Similar String algorithm


Question

I'm looking for an algorithm, or at least theory of operation on how you would find similar text in two or more different strings...

Much like the question posed here: Algorithm to find articles with similar text, the difference being that my text strings will only ever be a handful of words.

Like say I have a string: "Into the clear blue sky" and I'm doing a compare with the following two strings: "The color is sky blue" and "In the blue clear sky"

I'm looking for an algorithm that can be used to match the text in the two, and decide on how close they match. In my case, spelling, and punctuation are going to be important. I don't want them to affect the ability to discover the real text. In the above example, if the color reference is stored as "'sky-blue'", I want it to still be able to match. However, the 3rd string listed should be a BETTER match over the second, etc.

I'm sure places like Google probably use something similar with the "Did you mean:" feature...

* EDIT *
In talking with a friend, he worked with a guy who wrote a paper on this topic. I thought I might share it with everyone reading this, as there are some really good methods and processes described in it...

Here's the link to his paper, I hope it is helpful to those reading this question, and on the topic of similar string algorithms.

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5/23/2017 12:17:51 PM

Accepted Answer

I can't mark two answers here, so I'm going to answer and mark my own. The Levenshtein distance appears to be the correct method in most cases for this. But, it is worth mentioning j_random_hackers answer as well. I have used an implementation of LZMA to test his theory, and it proves to be a sound solution. In my original question I was looking for a method for short strings (2 to 200 chars), where the Levenshtein Distance algorithm will work. But, not mentioned in the question was the need to compare two (larger) strings (in this case, text files of moderate size) and to perform a quick check to see how similar the two are. I believe that this compression technique will work well but I have yet to study it to find at which point one becomes better than the other, in terms of the size of the sample data and the speed/cost of the operation in question. I think a lot of the answers given to this question are valuable, and worth mentioning, for anyone looking to solve a similar string ordeal like I'm doing here. Thank you all for your great answers, and I hope they can be used to serve others well too.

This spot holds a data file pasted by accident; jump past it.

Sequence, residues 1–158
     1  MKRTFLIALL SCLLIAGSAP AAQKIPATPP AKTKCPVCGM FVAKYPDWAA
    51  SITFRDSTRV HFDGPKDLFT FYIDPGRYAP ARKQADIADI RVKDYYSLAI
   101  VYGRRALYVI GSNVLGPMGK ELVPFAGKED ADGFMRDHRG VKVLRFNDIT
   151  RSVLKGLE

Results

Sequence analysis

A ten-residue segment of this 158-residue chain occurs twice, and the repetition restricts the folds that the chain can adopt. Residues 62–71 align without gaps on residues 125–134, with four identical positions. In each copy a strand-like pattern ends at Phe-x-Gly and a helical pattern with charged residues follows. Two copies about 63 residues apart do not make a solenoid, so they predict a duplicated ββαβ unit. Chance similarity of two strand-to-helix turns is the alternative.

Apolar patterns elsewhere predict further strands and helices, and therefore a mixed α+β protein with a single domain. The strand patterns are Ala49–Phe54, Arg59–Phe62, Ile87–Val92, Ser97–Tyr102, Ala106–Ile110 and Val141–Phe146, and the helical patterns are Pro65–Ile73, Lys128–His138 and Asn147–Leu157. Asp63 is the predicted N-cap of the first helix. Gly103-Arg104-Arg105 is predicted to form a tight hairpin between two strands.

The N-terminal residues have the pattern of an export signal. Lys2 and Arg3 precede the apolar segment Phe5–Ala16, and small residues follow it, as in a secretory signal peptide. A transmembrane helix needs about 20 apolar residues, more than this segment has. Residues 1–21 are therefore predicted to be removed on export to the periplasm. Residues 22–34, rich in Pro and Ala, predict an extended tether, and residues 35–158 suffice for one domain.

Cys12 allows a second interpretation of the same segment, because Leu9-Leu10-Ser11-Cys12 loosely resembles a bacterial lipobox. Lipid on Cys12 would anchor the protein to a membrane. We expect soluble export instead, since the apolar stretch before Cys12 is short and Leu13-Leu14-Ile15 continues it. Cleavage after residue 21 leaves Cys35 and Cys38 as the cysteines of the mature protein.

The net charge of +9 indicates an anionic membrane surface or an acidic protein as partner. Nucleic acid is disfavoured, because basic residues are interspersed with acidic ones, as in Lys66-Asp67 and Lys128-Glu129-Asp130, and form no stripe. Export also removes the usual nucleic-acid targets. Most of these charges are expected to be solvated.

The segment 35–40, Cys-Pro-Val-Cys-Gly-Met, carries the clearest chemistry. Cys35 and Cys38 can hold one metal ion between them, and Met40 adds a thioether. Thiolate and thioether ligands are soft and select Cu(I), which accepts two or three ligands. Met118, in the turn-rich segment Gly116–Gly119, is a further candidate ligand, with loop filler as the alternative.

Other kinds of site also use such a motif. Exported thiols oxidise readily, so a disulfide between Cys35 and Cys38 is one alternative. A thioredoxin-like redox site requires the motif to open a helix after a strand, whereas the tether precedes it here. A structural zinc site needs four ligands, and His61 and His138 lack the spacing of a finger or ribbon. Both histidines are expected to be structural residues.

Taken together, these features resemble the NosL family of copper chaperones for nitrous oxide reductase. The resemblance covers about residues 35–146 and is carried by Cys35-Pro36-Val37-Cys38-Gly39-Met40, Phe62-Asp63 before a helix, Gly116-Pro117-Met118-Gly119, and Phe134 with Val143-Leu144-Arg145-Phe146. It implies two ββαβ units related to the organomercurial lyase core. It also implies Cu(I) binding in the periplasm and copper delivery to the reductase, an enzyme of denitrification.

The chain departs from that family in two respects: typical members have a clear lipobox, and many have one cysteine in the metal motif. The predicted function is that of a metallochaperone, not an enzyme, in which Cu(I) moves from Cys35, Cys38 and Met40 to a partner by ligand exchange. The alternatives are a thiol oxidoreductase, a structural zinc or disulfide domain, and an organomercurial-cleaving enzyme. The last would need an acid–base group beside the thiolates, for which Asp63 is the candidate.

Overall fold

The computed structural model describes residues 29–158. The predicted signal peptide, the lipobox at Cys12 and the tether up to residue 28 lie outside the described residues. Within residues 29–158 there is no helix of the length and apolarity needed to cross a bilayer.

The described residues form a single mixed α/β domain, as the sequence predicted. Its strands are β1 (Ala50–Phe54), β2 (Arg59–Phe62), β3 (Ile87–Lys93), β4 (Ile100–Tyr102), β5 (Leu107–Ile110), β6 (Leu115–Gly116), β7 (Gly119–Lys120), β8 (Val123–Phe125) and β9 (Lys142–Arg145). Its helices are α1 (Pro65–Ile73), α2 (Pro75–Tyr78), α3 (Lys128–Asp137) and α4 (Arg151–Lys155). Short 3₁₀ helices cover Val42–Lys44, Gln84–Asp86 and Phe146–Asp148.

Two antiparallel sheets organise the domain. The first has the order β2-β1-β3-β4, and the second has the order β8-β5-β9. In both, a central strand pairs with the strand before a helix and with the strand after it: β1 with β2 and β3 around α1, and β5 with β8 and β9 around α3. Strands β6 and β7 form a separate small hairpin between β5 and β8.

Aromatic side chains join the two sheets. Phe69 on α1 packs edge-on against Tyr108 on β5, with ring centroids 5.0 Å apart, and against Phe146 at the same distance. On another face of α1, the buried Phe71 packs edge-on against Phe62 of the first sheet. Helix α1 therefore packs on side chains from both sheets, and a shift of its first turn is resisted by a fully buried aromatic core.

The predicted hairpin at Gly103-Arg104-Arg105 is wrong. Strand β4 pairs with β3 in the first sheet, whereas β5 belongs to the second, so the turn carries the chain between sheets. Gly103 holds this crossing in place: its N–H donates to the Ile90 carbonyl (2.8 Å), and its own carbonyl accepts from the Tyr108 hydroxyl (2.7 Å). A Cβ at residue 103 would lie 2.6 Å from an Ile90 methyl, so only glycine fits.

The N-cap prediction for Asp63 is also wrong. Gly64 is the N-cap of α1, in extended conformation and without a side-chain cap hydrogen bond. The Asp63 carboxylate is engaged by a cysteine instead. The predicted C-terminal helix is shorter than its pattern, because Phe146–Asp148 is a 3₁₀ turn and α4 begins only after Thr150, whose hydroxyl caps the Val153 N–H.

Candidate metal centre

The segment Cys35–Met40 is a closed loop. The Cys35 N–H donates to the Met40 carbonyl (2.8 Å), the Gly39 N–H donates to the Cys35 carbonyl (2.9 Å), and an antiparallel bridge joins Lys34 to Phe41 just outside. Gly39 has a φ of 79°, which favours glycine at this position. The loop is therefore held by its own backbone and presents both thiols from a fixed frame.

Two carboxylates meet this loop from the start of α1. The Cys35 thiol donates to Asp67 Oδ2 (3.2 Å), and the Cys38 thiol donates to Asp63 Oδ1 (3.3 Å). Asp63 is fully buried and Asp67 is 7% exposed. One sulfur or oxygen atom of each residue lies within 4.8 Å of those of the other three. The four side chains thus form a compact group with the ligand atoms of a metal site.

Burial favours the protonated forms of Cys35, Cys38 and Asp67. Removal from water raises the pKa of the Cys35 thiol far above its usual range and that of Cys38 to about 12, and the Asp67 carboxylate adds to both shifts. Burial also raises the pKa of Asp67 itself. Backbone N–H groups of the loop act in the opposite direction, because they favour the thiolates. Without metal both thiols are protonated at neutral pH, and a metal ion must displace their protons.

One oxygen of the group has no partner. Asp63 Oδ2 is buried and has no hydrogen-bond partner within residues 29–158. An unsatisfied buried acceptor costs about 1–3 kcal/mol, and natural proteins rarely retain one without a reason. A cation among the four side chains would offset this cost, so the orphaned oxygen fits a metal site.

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5/23/2017 12:10:02 PM

Levenshtein distance will not completely work, because you want to allow rearrangements. I think your best bet is going to be to find best rearrangement with levenstein distance as cost for each word.

To find the cost of rearrangement, kinda like the pancake sorting problem. So, you can permute every combination of words (filtering out exact matches), with every combination of other string, trying to minimize a combination of permute distance and Levenshtein distance on each word pair.

edit: Now that I have a second I can post a quick example (all 'best' guesses are on inspection and not actually running the algorithms):

original strings             | best rearrangement w/ lev distance per word
Into the clear blue sky      |    Into the c_lear blue sky 
The color is sky blue        |    is__ the colo_r blue sky

R_dist = dist( 3 1 2 5 4 ) --> 3 1 2 *4 5* --> *2 1 3* 4 5 --> *1 2* 3 4 5 = 3  
L_dist = (2D+S) + (I+D+S) (Total Subsitutions: 2, deletions: 3, insertion: 1)  

(notice all the flips include all elements in the range, and I use ranges where Xi - Xj = +/- 1)

Other example

original strings             | best rearrangement w/ lev distance per word
Into the clear blue sky      |   Into the clear blue sky 
In the blue clear sky        |   In__ the clear blue sky

R_dist = dist( 1 2 4 3 5 ) -->  1 2 *3 4* 5  = 1
L_dist = (2D) (Total Subsitutions: 0, deletions: 2, insertion: 0)

And to show all possible combinations of the three...

The color is sky blue         |    The colo_r is sky blue
In the blue clear sky         |    the c_lear in sky blue

R_dist = dist( 2 4 1 3 5 ) --> *2 3 1 4* 5 --> *1 3 2* 4 5 --> 1 *2 3* 4 5 = 3
L_dist = (D+I+S) + (S) (Total Subsitutions: 2, deletions: 1, insertion: 1)

Anyway you make the cost function the second choice will be lowest cost, which is what you expected!


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